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Russians Have the Government They Deserve

Every nation gets the government it deserves, observed Joseph de Maistre, the Sardinian kingdom's diplomatic envoy to the Russian empire, some 200 years ago. He was commenting on Russians' deep-seated political apathy — a trait that persists to this day.

Of course, Russia is no longer an absolute monarchy as it was in de Maistre's time. Nor is it a communist dictatorship, with the likes of Stalin using the threat of the Gulag to discourage political expression. But President Vladimir Putin has learned much from the autocratic tactics of his predecessors, whereas the Russian people seem to have learned nothing.

Putin's seizure of Crimea from Ukraine in March, together with his refusal to bow to the Western powers that disputed the move, made him a hero among ordinary Russians.

In fact, Putin's efforts to recapture Russia's former territory have overshadowed his stifling of non-governmental organizations, repression of independent media, and silencing of opposition voices. Even as Russia's economy collapses — with the ruble having lost more than half of its value against the dollar since June, interest rates rising to 17 percent and inflation reaching double digits — Putin retains an 85 percent approval rating.

Russians should be demanding a solution to their country's economic troubles, not praising the leader who caused them. But Putin, an ex-KGB officer, possesses a dictator's shrewdness. He knows that centuries of tight government control have made Russians obedient. They may fear the government, but they fear being left to fend for themselves even more.

In mid-December, Putin held his annual dinner with the oligarchs — a feast in a time of plague, so to speak. Forty industrial and financial leaders — most of whom manage Kremlin-affiliated firms — attended the event to gain and give reassurance that, together, they and the government would weather the crisis.

At the dinner, Putin reiterated his promise to protect the oligarchs' fortunes from American and European sanctions. Specifically, he pledged to apply the so-called Rotenberg Law, named after Arkady Rotenberg. In September, the Italian government seized $40 million worth of the financier's assets. The law obliges the Kremlin to compensate oligarchs for any foreign assets that they lose as a result of Western sanctions.

These statements built upon a promise Putin made in an interview last month. If Russian businesspeople repatriate their offshore accounts, their financial indiscretions will be forgiven and forgotten.

Relying upon such promises would be financial suicide. Just a few months ago, Putin assured everyone that Russia's economy would weather the European and American sanctions easily. Likewise, during the 1998 financial meltdown, Russian oligarchs lost big — and most never recovered. Clearly, Russia's government cannot be trusted to safeguard anyone's wealth, with the possible exception of that of its own members.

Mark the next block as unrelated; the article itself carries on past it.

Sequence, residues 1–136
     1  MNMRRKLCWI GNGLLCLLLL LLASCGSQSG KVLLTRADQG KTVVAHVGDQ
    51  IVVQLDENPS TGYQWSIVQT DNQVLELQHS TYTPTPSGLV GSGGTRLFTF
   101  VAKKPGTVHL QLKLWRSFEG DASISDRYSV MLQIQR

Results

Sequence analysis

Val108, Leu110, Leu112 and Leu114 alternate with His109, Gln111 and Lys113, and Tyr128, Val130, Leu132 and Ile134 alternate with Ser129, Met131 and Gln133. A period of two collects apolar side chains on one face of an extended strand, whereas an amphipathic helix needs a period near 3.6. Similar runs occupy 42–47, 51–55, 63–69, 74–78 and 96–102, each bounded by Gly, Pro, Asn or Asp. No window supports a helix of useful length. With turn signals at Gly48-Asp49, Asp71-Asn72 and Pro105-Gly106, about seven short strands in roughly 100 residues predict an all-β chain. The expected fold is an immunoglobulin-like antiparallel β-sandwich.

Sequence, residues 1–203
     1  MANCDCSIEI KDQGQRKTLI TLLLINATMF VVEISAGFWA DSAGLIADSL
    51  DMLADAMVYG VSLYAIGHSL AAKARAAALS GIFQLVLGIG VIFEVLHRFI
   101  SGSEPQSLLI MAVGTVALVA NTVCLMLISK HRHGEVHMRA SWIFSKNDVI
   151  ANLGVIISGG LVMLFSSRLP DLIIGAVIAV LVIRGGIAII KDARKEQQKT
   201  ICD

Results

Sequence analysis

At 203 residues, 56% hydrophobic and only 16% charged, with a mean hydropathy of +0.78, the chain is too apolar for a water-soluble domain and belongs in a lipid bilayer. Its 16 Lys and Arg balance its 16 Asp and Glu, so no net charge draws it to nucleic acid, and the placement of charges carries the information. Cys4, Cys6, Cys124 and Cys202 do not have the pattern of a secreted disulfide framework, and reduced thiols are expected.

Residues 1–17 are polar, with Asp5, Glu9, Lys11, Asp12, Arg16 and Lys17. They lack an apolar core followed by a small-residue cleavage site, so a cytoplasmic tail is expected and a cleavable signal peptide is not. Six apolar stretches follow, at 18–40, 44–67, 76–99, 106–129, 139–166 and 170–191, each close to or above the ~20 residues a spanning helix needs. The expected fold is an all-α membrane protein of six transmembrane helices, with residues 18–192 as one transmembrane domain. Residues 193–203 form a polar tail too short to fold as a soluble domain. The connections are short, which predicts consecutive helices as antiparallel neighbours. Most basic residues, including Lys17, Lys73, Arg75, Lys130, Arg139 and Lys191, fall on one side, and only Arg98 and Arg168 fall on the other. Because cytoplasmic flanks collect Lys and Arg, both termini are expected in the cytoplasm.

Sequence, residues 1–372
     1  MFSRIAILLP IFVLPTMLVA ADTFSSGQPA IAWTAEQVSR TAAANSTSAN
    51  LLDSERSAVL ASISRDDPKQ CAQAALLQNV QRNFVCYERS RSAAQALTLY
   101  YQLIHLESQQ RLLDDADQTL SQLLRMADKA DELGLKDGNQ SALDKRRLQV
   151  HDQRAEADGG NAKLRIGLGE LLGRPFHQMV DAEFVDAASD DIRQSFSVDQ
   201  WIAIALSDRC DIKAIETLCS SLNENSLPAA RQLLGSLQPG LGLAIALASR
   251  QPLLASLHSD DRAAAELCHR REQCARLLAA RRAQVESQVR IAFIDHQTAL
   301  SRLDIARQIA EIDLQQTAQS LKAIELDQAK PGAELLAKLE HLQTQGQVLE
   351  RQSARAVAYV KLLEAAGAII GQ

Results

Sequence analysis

Yet refusing the Kremlin's embrace is equally destructive. After all, in Putin's Russia, political dissent brings financial ruin. In 2003, Russia's wealthiest oligarch Mikhail Khodorkovsky — an opponent of  Putin's economic policies — was imprisoned on trumped-up charges of fraud and tax evasion, and his Yukos oil company was driven to bankruptcy, broken up, and sold off to Kremlin cronies.

Ten years later, the message remains the same: If you obey your government, your follies — no business in Russia is free of kickbacks and bribes — will be forgiven. Failure to fall in line will be your downfall, regardless of how wealthy or well-known you are.

Of course, it is not the tycoons who will bear the brunt of the economic crisis. After all, Putin needs their support — as short-lived or ephemeral as it may be — to retain his grip on power.

Ordinary Russians have far less leverage and will suffer far more. But maybe they deserve to suffer. Harsh austerity measures — cuts to pensions, salaries, and social services (including a recent decision to close hundreds of hospitals and lay off thousands of medical personnel) — have inspired barely any criticism.

At the end of December, a few thousand people staged a demonstration in Moscow's central Manezh Square, partly to show support for Alexei Navalny — an anti-corruption lawyer, well-known blogger, and leader of a dwindling opposition movement — and his younger brother, Oleg.

The Navalny brothers had just been sentenced to three and a half years in prison for defrauding a cosmetics company. Alexei, an opponent of Putin on par with Khodorkovsky, received a suspended sentence; Oleg, an apolitical postal executive, will have to serve his full term in prison.

This tactic — to "forgive" one's enemies, while punishing them via their relatives — was a favorite of Stalin's. The "enemy" would quickly come to his or her senses, and the public, unfamiliar with those imprisoned, would quickly lose interest.

They still do. Today's Russians hope that Putin, who blindsided his opponents with his annexation of Crimea, might have another daring trick up his sleeve — one that will stabilize financial markets and revive the oil prices on which Russia's economy depends.

Of course, Russians know enough to worry that Putin has run out of ideas. But that fear does not compare to their dread of what might happen if they rock the boat. And Putin, for his part, understands this well enough to know that he needs no gulags — only the canny use of fear and forgiveness — to retain his grip on power.

Nina L. Khrushcheva, author of "Imagining Nabokov: Russia Between Art and Politics," teaches international affairs at The New School and is a senior fellow at the World Policy Institute in New York. © Project Syndicate, 2015.

The views expressed in opinion pieces do not necessarily reflect the position of The Moscow Times.

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